For 31-year-old Nyaruai Gitonga, mental illness has been part and parcel of her life.She has been bipolar since childhood. She suffered bouts of depression in her teens. In 2009, Nyaruai Gitonga was involved in a freak road accident along Mombasa Road that claimed the life of her friend. Initially presumed dead, Nyaruai was taken to the morgue alongside her friend. However, a cough in the morgue saved her from the world of the dead to that of the living. She was hospitalized for three months, spending a month in the intensive care unit (ICU), in a comma. She was paralyzed from the neck down. The incident impacted her life in fundamental ways. Nyaruai, who is a brand manager and entrepreneur, shares her incredible story of resilience, her triumphant recovery journey and as a passionate mental health advocate.
You shared an interesting post on your LinkedIn page on 3rd August 2020. What triggered this post?
It’s funny actually, it was a beautiful Sunday the day before the post and I thought to myself ‘I’d like to go for an afternoon run’ and I did it. Doesn’t sound like much without perspective, I found myself thinking back to the 5 year period after the my accident that left me paralyzed from the neck down, which was an extremely difficult time physically especially for me when I couldn’t just dash out for an afternoon run.
Unbeknown to me at the time my mental health was deteriorating as well and I held on to my sanity with everything I had. Doing everyday things have always required an excess amount of energy and focus, but on this Sunday afternoon it took little to no effort to go for a run.
The original post was on Instagram on Sunday and on Monday I decided to share it on LinkedIn, a business platform, I recalled how over the years my mental illness has negatively affected my career, quitting well-paying jobs with great bosses for no other reason than I could not get out of bed and go to work one more time.
Now that I’m running a successful business with everyone I come into contact to including business partners aware of my mental illness and it changed nothing, I wanted to break the stigma that a professional can suffer from a mental illness and still be successful without hiding their illness. Like any other physical illness, you can manage your mental illness and live a successful meaningful life.
What happened on the fateful day?
I was managing a popular bar in Westlands at the time. The details have become foggy over the years but the long and short of it is I was with a friend in their car maybe going to a new spot, not sure, but we never made it to the destination and sadly my friend didn’t survive.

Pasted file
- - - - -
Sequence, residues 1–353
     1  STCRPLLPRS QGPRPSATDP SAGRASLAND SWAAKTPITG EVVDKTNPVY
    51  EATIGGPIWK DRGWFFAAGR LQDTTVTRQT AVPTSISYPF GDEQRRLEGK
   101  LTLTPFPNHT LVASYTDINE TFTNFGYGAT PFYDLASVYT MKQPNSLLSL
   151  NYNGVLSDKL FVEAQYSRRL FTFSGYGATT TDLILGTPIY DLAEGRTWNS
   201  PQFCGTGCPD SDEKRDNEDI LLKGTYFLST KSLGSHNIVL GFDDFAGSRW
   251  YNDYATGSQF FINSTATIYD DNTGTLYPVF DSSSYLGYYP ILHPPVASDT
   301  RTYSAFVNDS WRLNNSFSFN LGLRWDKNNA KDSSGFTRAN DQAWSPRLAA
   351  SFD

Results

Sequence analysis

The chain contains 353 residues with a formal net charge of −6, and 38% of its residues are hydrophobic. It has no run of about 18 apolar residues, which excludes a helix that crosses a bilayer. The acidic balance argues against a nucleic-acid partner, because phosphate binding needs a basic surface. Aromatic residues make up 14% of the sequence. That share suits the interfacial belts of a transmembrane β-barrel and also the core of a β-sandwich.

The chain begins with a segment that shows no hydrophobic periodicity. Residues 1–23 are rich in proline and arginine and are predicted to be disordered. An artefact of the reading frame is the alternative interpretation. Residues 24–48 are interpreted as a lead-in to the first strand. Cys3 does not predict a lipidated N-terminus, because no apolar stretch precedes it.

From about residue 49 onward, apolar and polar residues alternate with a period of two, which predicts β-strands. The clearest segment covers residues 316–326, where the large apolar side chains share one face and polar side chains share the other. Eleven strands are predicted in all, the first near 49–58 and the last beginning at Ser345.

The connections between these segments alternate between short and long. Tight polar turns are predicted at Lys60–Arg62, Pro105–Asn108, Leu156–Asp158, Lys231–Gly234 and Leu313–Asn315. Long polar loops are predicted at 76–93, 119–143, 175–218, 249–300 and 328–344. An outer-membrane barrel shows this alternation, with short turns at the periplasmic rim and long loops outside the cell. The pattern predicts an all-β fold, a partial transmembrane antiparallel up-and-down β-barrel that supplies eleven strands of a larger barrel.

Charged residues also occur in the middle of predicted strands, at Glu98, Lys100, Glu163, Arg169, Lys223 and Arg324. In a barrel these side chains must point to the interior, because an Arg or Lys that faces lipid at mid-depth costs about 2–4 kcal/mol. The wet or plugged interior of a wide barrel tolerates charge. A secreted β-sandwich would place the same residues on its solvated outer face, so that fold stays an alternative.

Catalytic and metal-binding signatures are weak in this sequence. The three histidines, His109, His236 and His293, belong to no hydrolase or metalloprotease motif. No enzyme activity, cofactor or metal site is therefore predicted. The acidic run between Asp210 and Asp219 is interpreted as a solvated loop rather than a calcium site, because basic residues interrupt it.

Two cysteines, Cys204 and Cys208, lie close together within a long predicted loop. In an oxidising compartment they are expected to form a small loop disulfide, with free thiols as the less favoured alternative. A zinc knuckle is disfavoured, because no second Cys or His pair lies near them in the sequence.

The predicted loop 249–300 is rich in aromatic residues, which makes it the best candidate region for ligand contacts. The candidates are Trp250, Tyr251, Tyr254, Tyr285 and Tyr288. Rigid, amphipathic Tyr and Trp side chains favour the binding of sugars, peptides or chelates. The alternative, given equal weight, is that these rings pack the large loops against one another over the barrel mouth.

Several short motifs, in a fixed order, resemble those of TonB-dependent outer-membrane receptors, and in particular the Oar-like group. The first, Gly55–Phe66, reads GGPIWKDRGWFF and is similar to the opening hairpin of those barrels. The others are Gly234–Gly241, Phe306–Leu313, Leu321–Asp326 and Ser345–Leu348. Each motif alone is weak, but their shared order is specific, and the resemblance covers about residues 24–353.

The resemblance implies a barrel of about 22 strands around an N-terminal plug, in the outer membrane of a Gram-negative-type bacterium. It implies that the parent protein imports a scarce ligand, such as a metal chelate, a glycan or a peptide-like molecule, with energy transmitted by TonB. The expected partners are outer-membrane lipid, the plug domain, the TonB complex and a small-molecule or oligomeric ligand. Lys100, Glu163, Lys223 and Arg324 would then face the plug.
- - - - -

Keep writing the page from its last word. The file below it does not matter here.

How did this experience impact your life and mental health?
Interesting choice of word ‘life’…I have thought of being dead for as long as I remember and the older I got the thoughts transitioned into desire. I wanted to be dead.
After my 20th birthday I knew in my heart I knew I would not see my 21st first birthday and five months later, I had the car accident. My thoughts when I woke up in the hospital were that ‘I was so close, so close’ and felt disappointed. The fact that my friend did not survive but I, the person who had always wished to be dead did, it still bothers me from time to time.
To put it simply I have never cared to be alive but now that I have been able to put a name to what ails me and gotten treatment I find that I don’t hate being alive anymore.
I’m early into my recovery journey but what I have experienced, felt and lived thus far has me excited for the future.
What was the reaction from your family, friends and those close to you?
Family was/is convinced that this is all an elaborate lie and con this in the backdrop of me not leaving my room for four months, not leaving the house for eight months. My bank accounts were deactivated. My phone was off for eight months and my service provider even deactivated my line. I talked to no one. Not friends or family. I was having crying fits. I gained weight, had dark circles, lost friends, wasn’t working, wasn’t going to school wasn’t doing much of anything. I had no history of lying, pretending or running cons but despite my very evident mental and physical deterioration they ensured everyone thought negatively of me ensuring that I did not receive help. And it worked.